The Ravishing Restoration: Aphra Behn, Violence, and Comedy

The Ravishing Restoration: Aphra Behn, Violence, and Comedy

The Ravishing Restoration: Aphra Behn, Violence, and Comedy

The Ravishing Restoration: Aphra Behn, Violence, and Comedy

Synopsis

Ann Marie Stewart is currently a professor of theatre at the University of Pittsburgh at Johnstown. She holds a BA and a MA in Theatre and English from Michigan State University, and a PhD in Theatre History from the University of Colorado at Boulder. She has also taught and directed in theatre departments at the University of Notre Dame, the University of Colorado, and Olivet College. She has published articles on Renaissance and Restoration drama, and is interested in the dramatic evolution of playwriting by British and American women throughout the centuries.

Excerpt

Aphra Behn used theater as a forum to highlight complex social issues, particularly those regarding the complexities of gender roles, sugarcoated within the genre of comedy. Inequality for women, forced marriage, the sexual double standard, and the perils of female powerlessness—particularly in matters of love and finance— are themes to which Behn returns repeatedly. These motifs reflect her perception and dramatization of women’s reality in Restoration society, in terms of how they are oppressed, and the means by which they attempt to break free of their constraints. She kept her audiences captivated with clever plots and witty dialogue, beautiful poetry and sophisticated intellectual arguments, and inventive use of staging and risqué romantic scenarios. From this platform, Behn drew attention to violence and injustice against women.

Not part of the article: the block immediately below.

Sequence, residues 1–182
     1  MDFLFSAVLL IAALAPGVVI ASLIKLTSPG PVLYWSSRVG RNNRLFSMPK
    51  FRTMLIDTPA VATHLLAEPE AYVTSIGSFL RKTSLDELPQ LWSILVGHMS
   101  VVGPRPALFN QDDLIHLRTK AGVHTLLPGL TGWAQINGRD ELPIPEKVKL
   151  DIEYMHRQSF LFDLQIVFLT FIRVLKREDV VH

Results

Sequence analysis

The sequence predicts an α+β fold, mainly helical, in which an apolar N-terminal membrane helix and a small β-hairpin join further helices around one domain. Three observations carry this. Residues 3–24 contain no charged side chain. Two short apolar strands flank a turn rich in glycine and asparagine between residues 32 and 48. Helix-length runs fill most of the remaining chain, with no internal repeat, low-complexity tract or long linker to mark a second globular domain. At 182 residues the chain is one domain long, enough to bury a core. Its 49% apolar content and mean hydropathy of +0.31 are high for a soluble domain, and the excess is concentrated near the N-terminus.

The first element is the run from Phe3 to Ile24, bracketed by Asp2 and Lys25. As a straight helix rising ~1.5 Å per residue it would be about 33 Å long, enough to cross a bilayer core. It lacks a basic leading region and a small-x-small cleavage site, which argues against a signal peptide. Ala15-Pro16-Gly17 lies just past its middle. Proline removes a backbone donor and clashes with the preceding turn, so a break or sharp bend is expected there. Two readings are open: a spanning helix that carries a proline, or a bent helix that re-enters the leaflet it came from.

Altogether, nine of her plays—equating to almost half of her dramatic work—include scenes of sexual coercion. the high instance of rape and attempted rape seems to imply that Behn had a particular preoccupation with seduction, domination, and victimization, and the artistic representation or re-creation of ravishment. in her scenes, a unique pattern arises in which she stages ideological debates between male desire and female chastity, displays violent force by men against women, and often provides an example of women’s ability to usurp male authority via escape. Her comedies conclude with greater or lesser degrees of closure, but they subscribe to the obligatory happy ending, and the return to patriarchal order is signified by marriage, and the economic and physical protection offered by a husband. Again and again, Behn’s conclusions re-inscribe the system that she had previously turned to chaos. As a result, simultaneously, she appears both a feminist in her compassion for the powerless, as a voice for the oppressed, and anti-feminist in her seemingly cavalier return to the status quo. One of the purposes of this book is to deconstruct and analyze both interpretations of her work, while recognizing that one of Behn’s only consistencies is her . . .

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